Monkfish Skewers/Espetada de Tamboril

With barbecue season now completely established it’s time for matching a great way of cooking with delicious fresh ingredients. Monkfish Skewers are a common feature of any seaside restaurant in Portugal. They’re extremely easy to make and absolutely delicious served with a simple butter and lemon sauce. The one important thing to keep in mind with any mixed skewer is that all ingredients should be cut to more or less the same size to allow for even cooking.

Monkfish Skewers

1 Monkfish tail
1 Red pepper (cut in chunks)
1 Onion (cut in eighths)
2 Thick slices of smoked pork belly (cut in 1cm chunks)
2 Tomatoes (cut in quarters)
8 wooden skewers
Olive Oil
3 Tbsps butter
1/2 Lemon

1. Soak the skewers in water before you start. This will prevent them burning later on… Remove the bone from monkfish tail and clean the flesh from all the skin (alternatively ask your fishmonger to do this). Once you have two large fillets from either side of the bone, cut into cubes.
2. Start with the quartered tomatoes and gradually fill the skewers with all the ingredients in an alternating fashion. I like to keep the belly next to the monkfish as this produces an excellent combination of flavours.
3. Once all skewers are ready, season with sea salt and a little pepper, a drizzle of olive oil and grill on hot charcoal. Turn until all sides have a nice finish.
4. Melt the butter and add a few squeezes of lemon juice. Serve the skewers immediately after cooking, pouring a little butter sauce on top and enjoy with a cool dry white wine…

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Pedro Rebelo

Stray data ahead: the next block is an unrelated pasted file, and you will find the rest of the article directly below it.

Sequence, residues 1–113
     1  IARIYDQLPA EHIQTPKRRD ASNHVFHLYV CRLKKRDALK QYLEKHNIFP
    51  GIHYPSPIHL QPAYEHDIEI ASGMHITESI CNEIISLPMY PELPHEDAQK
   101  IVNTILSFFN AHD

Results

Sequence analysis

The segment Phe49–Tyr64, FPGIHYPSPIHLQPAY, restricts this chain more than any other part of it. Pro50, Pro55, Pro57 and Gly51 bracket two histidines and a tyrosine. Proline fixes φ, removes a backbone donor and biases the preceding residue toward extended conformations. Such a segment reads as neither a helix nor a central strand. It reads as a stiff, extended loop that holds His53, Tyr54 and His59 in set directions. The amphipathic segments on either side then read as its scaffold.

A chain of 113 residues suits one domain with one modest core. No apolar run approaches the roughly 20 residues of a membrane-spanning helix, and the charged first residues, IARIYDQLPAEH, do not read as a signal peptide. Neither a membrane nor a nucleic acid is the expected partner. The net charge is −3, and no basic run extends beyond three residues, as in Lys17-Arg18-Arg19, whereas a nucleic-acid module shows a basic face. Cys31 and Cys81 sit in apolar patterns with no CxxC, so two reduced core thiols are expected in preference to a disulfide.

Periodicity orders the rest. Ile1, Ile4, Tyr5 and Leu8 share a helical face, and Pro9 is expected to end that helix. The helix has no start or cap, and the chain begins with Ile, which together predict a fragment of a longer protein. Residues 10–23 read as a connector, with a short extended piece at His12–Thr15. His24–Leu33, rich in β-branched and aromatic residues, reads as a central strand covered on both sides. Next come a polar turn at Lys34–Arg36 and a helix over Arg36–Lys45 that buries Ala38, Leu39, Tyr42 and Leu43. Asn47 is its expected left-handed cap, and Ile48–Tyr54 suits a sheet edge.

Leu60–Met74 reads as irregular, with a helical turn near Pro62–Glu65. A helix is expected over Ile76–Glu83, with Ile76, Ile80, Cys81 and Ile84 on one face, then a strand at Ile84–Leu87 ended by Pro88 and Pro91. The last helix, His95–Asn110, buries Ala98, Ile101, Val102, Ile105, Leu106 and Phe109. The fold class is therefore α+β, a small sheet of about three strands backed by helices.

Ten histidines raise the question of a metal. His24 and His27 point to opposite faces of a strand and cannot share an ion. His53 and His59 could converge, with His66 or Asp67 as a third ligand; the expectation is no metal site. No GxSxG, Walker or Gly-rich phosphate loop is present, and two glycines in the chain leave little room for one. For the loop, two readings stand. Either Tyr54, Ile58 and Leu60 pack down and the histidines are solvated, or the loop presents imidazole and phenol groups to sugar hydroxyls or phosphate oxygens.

Pedro is a composer, sound artist and performer. In 2002, he was awarded a PhD by the University of Edinburgh where he conducted research in both music and architecture. Pedro has recently led participatory projects involving communities in Belfast, favelas in Maré, Rio de Janeiro, travelling communities in Portugal and a slum town in Mozambique. This work has resulted in sound art exhibitions at venues such as the Metropolitan Arts Centre, Belfast, Centro Cultural Português Maputo, Espaço Ecco in Brasilia and Parque Lage and Museu da Maré in Rio, Museu Nacional Grão Vasco and MAC Nitéroi. His music has been presented in venues such as the Melbourne Recital Hall, National Concert Hall Dublin, Queen Elizabeth Hall, Ars Electronica, Casa da Música, and in events such as Weimarer Frühjahrstage fur zeitgenössische Musik, Wien Modern Festival, Cynetart and Música Viva. His work as a pianist and improvisor has been released by Creative Source Recordings and he has collaborated with musicians such as Chris Brown, Mark Applebaum, Carlos Zingaro, Evan Parker and Pauline Oliveros as well as artists such as Suzanne Lacy. His writings reflect his approach to design and creative practice in a wider understanding of contemporary culture and emerging technologies. Pedro has been Visiting Professor at Stanford University (2007), senior visiting professor at UFRJ, Brazil (2014) and Collaborating Researcher at INEM-md Universidade Nova, Lisboa (2016). He has been Music Chair for international conferences such as ICMC 2008, SMC 2009, ISMIR 2012 and has been invited keynote speaker at ANPPOM 2017, ISEA 2017, CCMMR 2016 and EMS 2013. At Queen's University Belfast, he has held posts as Director of Education, Director of Research and Head of School. In 2012 he was appointed Professor of Sonic Arts at Queen's and awarded the Northern Bank's "Building Tomorrow's Belfast" prize. He has recently been awarded two major grants from the Arts and Humanities Research Council including the interdisciplinary project “Sounding Conflict”, investigating relationships between sound, music and conflict situations. Ongoing research interests include immersive sound design and augmented listening experiences. Pedro has been appointed Director of the Sonic Arts Research Centre in 2021.

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